It is hard to sum up the moral fabric of the city of Florence. There were some key features:
- In 1373, regulations were made regarding dress and jewelry. Married women could wear two rings and a silver bell. Otherwise there were fines imposed. These laws, though they might have been enforced at first, were definitely not followed in later years. At the same time, there were rules made regarding the number of guest that could be invited to a dinner, and how many courses could be served. Wedding banquets and funerals were similarly restricted. It is unclear for how long and to what extent any of these regulartion were followed.
- Violence in the city of Florence was common. This may have been due to the large urban population and the disparity between the rich and the poor. Although the city did have a reasonable law enforcement system, many people escaped penalties by fleeing the city.
- Gambling was a common practice, even though the church disapproved.
- In 1415, the city established communal brothels.
- Slavery was legalized in 1364. No Christian slaves were allowed.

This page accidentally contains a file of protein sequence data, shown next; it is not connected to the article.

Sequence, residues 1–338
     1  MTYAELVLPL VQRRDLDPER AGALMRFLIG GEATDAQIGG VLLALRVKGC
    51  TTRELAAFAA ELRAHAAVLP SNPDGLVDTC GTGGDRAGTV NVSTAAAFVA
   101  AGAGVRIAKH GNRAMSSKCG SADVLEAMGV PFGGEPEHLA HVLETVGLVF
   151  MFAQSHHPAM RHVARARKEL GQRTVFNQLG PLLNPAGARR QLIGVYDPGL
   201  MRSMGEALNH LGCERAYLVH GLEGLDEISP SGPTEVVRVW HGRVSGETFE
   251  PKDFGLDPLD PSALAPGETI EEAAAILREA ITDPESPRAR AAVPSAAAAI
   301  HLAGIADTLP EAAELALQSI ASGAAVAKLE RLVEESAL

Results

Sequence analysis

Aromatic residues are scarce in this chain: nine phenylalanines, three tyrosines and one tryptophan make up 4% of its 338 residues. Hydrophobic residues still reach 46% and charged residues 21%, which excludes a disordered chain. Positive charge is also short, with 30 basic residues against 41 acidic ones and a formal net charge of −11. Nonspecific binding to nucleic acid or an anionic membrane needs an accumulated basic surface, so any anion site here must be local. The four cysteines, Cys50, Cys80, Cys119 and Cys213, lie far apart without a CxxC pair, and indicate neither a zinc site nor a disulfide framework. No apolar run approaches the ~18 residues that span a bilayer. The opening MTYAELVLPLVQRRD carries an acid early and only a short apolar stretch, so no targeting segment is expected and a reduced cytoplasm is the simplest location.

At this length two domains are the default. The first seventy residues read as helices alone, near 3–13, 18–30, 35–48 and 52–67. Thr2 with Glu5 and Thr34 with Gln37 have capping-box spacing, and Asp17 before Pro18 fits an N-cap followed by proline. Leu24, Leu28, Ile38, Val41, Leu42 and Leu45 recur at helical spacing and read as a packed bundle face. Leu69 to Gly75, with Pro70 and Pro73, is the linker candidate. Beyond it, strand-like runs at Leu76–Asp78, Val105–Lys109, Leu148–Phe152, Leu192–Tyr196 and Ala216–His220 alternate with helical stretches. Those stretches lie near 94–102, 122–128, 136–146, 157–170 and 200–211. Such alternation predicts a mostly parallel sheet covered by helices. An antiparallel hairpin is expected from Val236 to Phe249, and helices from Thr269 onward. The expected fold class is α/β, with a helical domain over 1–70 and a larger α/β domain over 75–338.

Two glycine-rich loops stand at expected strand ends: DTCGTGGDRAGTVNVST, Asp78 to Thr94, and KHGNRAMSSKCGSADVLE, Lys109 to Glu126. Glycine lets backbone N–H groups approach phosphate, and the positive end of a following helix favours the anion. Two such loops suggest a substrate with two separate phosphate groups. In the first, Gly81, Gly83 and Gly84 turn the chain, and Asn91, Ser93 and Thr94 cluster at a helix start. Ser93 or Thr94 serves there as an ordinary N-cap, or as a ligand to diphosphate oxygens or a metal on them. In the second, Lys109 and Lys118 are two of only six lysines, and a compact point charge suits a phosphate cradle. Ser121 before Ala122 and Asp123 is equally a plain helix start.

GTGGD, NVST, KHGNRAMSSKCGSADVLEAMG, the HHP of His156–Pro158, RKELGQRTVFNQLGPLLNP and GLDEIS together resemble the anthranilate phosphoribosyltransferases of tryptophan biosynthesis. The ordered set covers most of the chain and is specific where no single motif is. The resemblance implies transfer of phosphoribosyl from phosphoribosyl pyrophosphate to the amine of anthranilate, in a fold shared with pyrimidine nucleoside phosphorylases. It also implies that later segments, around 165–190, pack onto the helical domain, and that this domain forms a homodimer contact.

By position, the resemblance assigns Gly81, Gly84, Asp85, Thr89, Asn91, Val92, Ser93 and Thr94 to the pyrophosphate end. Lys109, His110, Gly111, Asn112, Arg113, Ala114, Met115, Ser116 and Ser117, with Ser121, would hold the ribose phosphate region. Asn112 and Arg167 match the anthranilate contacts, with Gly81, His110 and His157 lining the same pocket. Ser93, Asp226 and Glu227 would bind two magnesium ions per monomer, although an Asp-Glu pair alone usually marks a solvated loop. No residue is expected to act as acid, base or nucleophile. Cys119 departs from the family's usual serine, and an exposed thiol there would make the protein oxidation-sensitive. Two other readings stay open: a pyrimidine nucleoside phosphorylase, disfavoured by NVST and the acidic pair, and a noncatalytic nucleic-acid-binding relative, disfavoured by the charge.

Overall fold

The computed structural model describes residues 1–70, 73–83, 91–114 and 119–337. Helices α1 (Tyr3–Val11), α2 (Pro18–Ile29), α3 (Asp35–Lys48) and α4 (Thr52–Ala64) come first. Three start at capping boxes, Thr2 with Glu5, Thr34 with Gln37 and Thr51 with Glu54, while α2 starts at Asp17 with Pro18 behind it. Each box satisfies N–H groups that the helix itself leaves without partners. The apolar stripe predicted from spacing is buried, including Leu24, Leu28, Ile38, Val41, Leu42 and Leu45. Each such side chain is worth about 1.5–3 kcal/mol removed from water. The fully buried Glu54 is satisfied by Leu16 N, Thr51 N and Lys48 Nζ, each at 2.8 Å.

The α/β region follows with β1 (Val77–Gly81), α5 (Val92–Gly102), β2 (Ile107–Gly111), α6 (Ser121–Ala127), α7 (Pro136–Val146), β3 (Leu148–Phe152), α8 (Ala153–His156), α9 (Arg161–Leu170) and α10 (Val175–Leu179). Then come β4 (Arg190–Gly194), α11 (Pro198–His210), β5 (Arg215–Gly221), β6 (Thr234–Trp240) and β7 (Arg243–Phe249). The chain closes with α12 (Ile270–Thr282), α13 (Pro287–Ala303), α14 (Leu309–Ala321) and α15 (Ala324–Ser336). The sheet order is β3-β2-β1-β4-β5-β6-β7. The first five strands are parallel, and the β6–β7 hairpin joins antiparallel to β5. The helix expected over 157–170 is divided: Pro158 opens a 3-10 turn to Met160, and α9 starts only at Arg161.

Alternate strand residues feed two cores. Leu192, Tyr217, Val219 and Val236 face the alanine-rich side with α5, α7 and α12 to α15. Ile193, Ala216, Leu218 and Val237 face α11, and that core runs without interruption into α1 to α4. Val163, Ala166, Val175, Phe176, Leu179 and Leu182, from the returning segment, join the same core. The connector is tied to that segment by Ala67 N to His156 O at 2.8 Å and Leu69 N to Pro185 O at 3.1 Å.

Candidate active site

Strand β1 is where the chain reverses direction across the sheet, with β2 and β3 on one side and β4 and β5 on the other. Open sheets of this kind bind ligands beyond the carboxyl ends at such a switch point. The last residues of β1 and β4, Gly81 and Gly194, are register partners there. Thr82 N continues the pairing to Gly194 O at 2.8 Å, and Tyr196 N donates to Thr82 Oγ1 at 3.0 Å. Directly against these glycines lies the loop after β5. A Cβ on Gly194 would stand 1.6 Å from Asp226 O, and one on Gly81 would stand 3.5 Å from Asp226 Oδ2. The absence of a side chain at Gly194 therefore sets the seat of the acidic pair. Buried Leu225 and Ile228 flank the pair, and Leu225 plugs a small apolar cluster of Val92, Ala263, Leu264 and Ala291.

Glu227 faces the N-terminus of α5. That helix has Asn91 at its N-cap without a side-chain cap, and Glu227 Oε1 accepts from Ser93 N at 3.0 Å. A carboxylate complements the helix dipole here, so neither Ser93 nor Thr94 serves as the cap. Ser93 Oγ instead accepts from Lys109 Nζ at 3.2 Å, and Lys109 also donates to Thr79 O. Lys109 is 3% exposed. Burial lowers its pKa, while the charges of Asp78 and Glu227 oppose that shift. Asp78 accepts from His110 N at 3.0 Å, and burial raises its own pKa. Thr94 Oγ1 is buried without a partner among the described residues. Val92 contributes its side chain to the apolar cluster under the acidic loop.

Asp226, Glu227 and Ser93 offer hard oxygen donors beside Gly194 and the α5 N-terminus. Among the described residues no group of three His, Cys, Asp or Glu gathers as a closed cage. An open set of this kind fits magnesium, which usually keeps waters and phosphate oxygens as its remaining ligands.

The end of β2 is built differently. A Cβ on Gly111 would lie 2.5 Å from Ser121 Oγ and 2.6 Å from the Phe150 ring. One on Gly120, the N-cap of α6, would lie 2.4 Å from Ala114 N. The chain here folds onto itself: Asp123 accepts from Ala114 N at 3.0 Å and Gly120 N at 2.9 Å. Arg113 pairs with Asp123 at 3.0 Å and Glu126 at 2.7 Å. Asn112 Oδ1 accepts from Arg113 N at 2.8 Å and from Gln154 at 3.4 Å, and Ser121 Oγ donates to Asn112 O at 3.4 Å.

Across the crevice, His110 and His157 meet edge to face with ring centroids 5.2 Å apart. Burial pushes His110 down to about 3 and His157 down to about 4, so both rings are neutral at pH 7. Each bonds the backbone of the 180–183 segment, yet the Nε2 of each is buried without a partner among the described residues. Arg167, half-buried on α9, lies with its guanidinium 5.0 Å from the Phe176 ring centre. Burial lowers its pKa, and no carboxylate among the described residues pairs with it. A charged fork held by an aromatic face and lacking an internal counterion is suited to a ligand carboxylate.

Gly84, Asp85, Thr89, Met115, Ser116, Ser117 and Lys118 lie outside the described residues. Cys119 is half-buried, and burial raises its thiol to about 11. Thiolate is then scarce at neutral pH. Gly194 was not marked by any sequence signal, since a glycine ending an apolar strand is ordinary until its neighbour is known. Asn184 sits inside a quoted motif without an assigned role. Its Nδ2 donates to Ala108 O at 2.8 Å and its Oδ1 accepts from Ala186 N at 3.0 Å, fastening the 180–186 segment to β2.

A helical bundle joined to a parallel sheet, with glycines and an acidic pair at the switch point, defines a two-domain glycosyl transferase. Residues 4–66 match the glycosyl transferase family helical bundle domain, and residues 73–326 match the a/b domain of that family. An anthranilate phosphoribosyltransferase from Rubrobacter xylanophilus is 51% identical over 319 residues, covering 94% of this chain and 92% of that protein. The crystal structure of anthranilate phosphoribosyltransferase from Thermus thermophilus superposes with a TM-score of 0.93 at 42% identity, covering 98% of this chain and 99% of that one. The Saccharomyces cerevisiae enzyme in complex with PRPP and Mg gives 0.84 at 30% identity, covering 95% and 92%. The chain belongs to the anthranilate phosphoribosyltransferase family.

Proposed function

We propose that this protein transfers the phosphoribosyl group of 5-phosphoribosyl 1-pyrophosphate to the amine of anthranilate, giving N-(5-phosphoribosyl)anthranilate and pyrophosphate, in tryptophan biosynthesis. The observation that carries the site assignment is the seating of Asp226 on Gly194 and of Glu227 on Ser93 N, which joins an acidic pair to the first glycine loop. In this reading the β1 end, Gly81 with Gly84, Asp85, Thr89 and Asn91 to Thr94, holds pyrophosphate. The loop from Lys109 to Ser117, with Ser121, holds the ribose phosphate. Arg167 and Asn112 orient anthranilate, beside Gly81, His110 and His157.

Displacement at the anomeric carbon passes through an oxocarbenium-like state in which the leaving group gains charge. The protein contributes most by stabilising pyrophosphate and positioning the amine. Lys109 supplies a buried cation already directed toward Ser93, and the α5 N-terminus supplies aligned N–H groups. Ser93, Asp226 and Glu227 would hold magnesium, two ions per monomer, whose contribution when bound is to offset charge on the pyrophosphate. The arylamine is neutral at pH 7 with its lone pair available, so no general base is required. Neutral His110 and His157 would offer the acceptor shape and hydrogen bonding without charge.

- Many people had long term concubines (such a thing was barely frowned upon), and so there were many illegitimate children conceived. Galileo's family would be an example of this. Fortunately, many people treated their illegitimate children kindly, and made arrangements for them to receive their inheritance.
- In regards to Jews, heretics and sorcerers, Florence was generally tolerant. There were a number of incidents however in which Sorcerers were burned at the stake or Jews were required to wear identifying markers.
Brucker, Gene. The Society of Renaissance Florence. New York: Harper, 1971.
Lucas Dubreton. Daily Life in Florence. trans.A.Lytton Sells. New York: Macmillan, 1961.
Staley, Edgcumbe. The Guilds of Florence. Chicago: A.C.McClurg, 1906. p.288